From left: Reps. Heath Shuler, John Barrow, Mike Ross and Dan Boren, leaders of the fiscally conservative Blue Dog Coalition, say they are still frustrated with Nancy Pelosis leadership and are willing to work with Republicans on issues such as shrinking the deficit.
Blue Dog Democrats remain deeply frustrated with Minority Leader Nancy Pelosi’s leadership and are signaling they are ready to break ranks and cut deals with Republicans.
In an interview with Roll Call last week, the leadership team of the fiscally conservative group talked about its vision for the 112th Congress — and its frustration over how Pelosi ran the 111th.
The California Democrat has yet to reach out to the moderate bloc since Democrats lost the majority, nor has she acknowledged any mistakes, they argued. Blue Dogs remain flummoxed over her decision to stay on as the party’s leader after she presided over what they consider to be a series of political blunders that led to Democrats’ historic defeat at the polls on Nov. 2, and most of them refused to vote for Pelosi for Speaker on the floor last week.
Blue Dogs have already started having informal discussions with Republicans in the hope that they can help forge bipartisan deals like they did between President Bill Clinton and the GOP after the 1994 Republican takeover.
“We have an opportunity that’s the same opportunity the Blue Dogs did with welfare reform,” said Rep. Jim Matheson (Utah), who co-chairs the Blue Dog Coalition’s political action committee and replaced retired Rep. John Tanner (Tenn.) as one of the Democratic Caucus’ chief deputy whips. “They were the bridge and they were the group that held that together in a bipartisan way to make it happen.”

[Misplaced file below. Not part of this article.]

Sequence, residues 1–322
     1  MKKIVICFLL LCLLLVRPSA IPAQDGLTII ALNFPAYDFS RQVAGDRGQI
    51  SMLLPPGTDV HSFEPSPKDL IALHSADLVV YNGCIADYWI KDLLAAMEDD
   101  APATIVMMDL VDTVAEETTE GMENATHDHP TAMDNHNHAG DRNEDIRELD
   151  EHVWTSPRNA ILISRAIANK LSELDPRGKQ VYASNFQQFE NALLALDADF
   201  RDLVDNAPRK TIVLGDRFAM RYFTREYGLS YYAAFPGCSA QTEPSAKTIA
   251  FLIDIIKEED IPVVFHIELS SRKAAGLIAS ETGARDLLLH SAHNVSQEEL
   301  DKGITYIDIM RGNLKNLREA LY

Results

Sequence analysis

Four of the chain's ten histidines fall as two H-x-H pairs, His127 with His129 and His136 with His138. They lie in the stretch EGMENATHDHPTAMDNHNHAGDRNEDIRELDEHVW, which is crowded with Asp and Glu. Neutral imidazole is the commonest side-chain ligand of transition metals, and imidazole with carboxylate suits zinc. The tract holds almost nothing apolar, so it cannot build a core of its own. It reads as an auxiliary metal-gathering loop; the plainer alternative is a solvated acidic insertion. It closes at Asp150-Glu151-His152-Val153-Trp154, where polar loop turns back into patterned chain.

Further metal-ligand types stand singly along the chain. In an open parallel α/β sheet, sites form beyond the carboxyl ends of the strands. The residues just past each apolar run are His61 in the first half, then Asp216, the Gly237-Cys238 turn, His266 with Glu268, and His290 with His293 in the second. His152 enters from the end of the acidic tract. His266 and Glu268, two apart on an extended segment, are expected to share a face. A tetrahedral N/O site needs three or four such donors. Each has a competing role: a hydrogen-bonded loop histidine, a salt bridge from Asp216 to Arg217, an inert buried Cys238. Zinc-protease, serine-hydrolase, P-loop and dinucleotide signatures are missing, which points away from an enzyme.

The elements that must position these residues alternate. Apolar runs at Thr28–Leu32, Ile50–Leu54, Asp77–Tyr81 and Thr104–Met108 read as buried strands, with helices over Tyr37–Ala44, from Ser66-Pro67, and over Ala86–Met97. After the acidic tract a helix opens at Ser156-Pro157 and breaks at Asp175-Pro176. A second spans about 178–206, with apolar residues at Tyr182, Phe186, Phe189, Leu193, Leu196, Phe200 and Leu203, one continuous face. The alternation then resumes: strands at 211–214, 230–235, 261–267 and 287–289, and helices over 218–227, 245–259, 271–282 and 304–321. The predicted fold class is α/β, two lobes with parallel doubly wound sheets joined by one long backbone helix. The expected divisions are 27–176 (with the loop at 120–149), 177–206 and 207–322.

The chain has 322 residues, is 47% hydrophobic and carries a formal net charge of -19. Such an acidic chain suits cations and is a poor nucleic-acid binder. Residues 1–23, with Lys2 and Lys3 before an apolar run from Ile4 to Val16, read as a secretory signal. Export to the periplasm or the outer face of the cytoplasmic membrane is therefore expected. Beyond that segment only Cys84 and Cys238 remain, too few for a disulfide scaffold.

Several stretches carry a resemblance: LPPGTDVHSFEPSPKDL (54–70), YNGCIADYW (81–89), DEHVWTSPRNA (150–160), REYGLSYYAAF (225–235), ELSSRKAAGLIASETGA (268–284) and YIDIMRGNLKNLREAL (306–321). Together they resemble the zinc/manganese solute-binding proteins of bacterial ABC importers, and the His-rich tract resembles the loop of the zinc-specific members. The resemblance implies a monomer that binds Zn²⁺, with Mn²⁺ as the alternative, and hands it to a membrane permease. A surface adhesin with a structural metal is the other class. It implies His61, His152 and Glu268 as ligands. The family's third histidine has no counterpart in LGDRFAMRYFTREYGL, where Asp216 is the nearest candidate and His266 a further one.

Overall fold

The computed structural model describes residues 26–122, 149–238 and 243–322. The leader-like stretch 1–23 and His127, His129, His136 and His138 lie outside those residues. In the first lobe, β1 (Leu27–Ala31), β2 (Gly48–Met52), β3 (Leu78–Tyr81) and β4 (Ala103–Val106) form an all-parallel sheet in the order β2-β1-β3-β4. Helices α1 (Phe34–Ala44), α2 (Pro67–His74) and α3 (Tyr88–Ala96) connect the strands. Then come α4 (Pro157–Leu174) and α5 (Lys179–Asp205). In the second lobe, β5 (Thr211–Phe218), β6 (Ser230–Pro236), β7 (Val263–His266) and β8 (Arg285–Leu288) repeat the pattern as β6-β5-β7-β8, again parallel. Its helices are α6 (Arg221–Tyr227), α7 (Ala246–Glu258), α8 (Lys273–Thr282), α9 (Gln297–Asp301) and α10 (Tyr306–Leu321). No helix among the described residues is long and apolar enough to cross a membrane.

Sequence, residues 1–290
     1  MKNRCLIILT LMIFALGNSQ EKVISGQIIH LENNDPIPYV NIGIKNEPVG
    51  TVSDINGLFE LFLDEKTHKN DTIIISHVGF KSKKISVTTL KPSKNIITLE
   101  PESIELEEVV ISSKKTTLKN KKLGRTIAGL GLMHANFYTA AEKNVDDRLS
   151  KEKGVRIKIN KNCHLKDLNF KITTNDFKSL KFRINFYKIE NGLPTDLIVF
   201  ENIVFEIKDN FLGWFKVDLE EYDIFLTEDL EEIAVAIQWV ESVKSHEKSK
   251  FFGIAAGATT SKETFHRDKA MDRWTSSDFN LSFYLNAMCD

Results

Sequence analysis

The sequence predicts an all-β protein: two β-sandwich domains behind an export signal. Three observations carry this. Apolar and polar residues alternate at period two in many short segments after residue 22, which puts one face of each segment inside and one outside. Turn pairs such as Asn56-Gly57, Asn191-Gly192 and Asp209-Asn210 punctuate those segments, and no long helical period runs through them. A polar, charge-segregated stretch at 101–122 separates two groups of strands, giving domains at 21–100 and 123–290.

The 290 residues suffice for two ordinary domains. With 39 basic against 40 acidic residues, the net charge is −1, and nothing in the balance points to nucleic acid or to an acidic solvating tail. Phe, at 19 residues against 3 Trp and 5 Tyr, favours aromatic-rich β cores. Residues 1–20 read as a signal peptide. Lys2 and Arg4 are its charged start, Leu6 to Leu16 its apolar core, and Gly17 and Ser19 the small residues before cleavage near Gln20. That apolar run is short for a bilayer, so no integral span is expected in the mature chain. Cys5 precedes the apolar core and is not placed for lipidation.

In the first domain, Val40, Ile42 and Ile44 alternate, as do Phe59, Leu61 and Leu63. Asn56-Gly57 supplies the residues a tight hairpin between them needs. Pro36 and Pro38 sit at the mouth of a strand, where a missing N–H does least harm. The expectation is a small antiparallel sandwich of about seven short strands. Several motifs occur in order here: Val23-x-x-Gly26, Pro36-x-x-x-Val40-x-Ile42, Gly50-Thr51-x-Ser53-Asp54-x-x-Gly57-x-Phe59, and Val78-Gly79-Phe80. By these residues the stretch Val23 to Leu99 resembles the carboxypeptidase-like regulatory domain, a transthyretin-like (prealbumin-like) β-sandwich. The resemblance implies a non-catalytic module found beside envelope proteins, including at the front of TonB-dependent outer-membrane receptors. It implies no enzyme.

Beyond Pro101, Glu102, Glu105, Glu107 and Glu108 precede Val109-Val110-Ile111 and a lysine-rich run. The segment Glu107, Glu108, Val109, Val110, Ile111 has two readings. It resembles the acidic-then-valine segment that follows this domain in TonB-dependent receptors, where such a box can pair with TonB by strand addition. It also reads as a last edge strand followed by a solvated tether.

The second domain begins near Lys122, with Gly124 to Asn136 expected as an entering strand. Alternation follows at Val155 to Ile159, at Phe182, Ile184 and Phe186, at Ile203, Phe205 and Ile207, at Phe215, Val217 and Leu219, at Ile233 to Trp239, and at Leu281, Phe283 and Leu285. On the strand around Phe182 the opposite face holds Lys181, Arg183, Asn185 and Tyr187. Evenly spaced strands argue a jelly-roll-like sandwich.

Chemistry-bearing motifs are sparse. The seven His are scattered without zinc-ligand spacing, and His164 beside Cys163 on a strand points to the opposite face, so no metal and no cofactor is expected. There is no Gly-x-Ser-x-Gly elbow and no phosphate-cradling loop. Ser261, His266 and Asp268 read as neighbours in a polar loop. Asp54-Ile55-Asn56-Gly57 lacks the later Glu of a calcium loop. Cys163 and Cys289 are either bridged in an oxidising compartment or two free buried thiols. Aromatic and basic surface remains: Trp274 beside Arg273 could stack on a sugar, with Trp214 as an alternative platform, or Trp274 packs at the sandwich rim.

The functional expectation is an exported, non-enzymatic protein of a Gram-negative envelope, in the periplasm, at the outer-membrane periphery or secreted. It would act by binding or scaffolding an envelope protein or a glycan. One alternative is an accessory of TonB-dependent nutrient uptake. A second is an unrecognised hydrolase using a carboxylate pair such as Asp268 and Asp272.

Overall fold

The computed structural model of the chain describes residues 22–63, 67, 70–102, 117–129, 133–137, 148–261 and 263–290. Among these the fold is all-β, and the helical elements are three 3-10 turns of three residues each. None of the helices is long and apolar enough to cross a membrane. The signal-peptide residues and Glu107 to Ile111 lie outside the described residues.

Matheson said it is too early to say which issue will be this Congress’ equivalent of welfare reform, but he noted that creating jobs, helping small businesses and reining in the deficit are areas on which the Blue Dogs intend to focus.
Blue Dog Co-Chairman Mike Ross said the group can be the bridge between the parties in a grand deficit-cutting compromise.
“We would welcome an opportunity to work with this new majority and the White House on developing a responsible plan to put us on a path toward restoring fiscal discipline and accountability to our government,” the Arkansas Democrat said. “We think we’re the perfect group to do that.”
Ross also referenced the 1994 GOP takeover, which sparked the creation of the Blue Dog Coalition.
“You’ve got to remember that the Blue Dogs were founded in the minority, so whether we’re in the minority or majority really doesn’t matter to us,” he said. “What’s important to us is we believe — whether you talk about the debt or you talk about the economy — these are very difficult times. And it’s time for both political parties to put the talking points down and start finding ways to work together.”
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